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SUMMARY: Two boys from dissimilar backgrounds, one trying to stay out of jail, the other privileged and seemingly destined for greatness. Thrown together by chance and only imperfectly aware of just how much they need one another, the boys struggle to connect across the many divides that separate them and slowly begin to recognize they may share more in common than they could have ever imagined. And yet whether they’ll be able to overcome their fears, doubts and insecurities and open up to each other remains to be seen. Please note that italics are typically used to indicate what a character is thinking or saying to himself.
WARNING: This story is a work of adult fiction and intended for mature audiences only. Unless otherwise noted, all of the characters in the story are fictional; any resemblance to persons living or dead is purely coincidental. While some of the places described or mentioned in the story are fictional as well, others may be real. However, some liberties may have been taken with the truth to enhance the story. Please note that the story may describe, depict or otherwise include graphic portrayals of relationships between men and/or adolescent boys that are homosexual in nature. If you do not like or approve of such discussions or it is illegal for you to read such material, consider yourself warned. If you continue to read this story, you are asserting you are fully capable of understanding and legally consenting to reading a work of adult fiction.
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NOTES: Please check these notes every week. If there’s something I want to alert you to as I post each chapter, this is where I will I do so. October 12, 2015: Chapter 11 is narrated by Sean.
Watching Holden leave, I remember being mad at myself. He was about to tell me he was gay, at least I was pretty certain he was. But I had let him walk away without doing so because I wasn’t sure how to react if he told me.
Never having told anyone I was gay, I remember thinking it must be hard to tell someone that, especially another dude your own age. I had tried to make him feel comfortable if he wanted to tell me. I had told him it wouldn’t change how I felt about him; told him my little brother was gay.
There was a part of me that wanted to tell him I was gay too; and yet never having told anyone because I didn’t want to risk my father finding out, the whole thing was confusing to me.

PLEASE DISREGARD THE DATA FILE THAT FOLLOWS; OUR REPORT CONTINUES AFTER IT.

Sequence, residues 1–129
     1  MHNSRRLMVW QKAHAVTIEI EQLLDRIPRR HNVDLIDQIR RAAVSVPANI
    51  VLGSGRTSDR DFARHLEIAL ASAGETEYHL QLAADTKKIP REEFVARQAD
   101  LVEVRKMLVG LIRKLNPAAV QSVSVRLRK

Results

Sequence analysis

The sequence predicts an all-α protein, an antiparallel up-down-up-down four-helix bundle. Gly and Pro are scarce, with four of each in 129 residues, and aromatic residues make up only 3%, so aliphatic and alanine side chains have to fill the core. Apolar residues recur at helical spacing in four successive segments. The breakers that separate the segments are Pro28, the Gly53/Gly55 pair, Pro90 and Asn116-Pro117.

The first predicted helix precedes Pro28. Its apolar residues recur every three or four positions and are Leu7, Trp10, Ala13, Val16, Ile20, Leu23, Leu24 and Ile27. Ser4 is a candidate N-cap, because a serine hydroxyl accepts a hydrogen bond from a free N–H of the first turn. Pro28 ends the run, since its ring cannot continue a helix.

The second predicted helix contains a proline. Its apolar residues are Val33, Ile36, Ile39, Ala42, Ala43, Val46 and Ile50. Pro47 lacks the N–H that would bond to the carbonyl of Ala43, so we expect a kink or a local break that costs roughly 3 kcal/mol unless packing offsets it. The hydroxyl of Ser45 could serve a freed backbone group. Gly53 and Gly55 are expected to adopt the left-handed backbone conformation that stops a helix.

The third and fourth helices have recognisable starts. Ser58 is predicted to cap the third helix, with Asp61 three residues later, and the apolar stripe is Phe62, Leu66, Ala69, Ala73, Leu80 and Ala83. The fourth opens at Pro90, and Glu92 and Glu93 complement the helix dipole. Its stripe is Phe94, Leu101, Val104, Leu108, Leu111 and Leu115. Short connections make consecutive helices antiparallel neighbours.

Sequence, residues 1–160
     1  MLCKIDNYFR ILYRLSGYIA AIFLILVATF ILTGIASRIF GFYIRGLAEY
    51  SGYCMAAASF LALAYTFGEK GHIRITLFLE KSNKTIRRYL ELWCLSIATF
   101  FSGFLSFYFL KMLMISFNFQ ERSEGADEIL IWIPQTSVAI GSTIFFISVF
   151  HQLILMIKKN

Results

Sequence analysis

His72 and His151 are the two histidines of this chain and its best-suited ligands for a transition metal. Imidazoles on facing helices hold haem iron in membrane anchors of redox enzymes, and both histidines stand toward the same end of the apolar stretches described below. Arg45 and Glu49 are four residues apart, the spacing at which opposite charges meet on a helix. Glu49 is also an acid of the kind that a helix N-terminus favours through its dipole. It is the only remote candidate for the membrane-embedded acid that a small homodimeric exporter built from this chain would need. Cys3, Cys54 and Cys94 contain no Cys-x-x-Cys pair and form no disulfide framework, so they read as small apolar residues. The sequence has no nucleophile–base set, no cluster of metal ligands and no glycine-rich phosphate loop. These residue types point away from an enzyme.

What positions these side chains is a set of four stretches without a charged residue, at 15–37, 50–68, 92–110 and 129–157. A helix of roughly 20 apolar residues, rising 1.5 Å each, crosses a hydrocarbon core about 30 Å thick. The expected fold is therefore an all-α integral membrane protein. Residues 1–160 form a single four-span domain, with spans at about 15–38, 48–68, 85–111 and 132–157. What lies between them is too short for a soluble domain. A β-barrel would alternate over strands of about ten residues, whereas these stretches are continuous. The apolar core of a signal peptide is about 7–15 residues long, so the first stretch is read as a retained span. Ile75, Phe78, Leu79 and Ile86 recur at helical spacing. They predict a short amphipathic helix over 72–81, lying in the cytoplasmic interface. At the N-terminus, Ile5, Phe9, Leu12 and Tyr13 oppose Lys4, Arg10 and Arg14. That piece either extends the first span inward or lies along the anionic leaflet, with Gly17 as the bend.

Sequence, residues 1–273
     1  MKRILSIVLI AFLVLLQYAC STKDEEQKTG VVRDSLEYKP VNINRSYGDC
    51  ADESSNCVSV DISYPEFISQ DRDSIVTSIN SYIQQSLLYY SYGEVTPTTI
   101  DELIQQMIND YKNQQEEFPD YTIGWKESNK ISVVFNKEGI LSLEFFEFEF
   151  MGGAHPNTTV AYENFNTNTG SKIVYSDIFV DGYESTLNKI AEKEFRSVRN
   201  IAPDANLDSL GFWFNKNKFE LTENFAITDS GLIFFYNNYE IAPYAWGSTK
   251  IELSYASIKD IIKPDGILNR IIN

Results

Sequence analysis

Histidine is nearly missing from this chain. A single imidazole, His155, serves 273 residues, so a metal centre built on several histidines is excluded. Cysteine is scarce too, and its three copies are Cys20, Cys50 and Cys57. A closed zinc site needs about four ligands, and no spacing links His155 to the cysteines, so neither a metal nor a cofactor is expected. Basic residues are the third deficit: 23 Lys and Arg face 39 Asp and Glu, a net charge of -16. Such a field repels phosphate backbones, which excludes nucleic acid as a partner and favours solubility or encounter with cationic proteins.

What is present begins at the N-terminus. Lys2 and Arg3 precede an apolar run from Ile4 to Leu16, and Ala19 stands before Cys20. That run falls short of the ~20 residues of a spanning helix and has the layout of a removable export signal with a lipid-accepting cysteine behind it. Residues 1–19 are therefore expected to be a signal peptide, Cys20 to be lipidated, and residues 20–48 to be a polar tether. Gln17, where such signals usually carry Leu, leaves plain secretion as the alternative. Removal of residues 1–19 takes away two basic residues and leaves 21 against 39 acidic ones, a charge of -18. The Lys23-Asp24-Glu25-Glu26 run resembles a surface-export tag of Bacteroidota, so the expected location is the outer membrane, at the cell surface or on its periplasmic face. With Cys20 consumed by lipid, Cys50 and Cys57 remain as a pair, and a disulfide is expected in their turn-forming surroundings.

What are you so afraid about, dude? He isn’t going to tell your father.
Maybe not, but how do you respond when someone tells you something like that?
You tell him the truth, Sean. You tell him you’re gay and you like him and hope he feels the same way about you.
But what if he doesn’t feel the same way? What do you then?
Or what if he does for that matter? What do you do next; where do you begin?
You’re overthinking this too much, Sean. You need to stop thinking so much and trust your instincts.
I had been watching as Holden walked away and by now he had disappeared into the distance. Turning around, I looked up at the house and saw it was darkened. Everyone was in bed.
Climbing the stairs, I turned the key, opened the door and made my way up to my bedroom. In the darkness I could see the outline of Kevin’s body silhouetted against the sheets by the moonlight.
Stripping off my clothes, I quietly made my way to my bed. Then, climbing in, I pulled the sheets over my body, rolled on to my side, and closed my eyes.
“How was your date today, Sean?” Kev whispered across the darkness.
“Oh, jeez, don’t start on me, Kevin,” I replied, “not at this hour. It wasn’t a date. I just took someone who’s never been to a Red Sox game to Fenway Park so he could see what it’s like; that’s all. I’m doing the same thing with you tomorrow. Does that mean we’re having a date?”
“If that’s what you wanted, it could be,” he said. “But you don’t. That’s why I invited Bobby along. He’s going to be my date tomorrow.”
“Fine;” I said. “Just don’t start making out in front of the crowd with him. They won’t be as supportive as me and I don’t want to get beaten to a pulp defending you and Bobby.”
“We can take care of ourselves, Sean,” he replied, all bravado as usual.
“Oh, yeah; then remind me again why you even need me tagging along tomorrow? I’m sure you’d rather be alone with Bobby than have me hanging around.”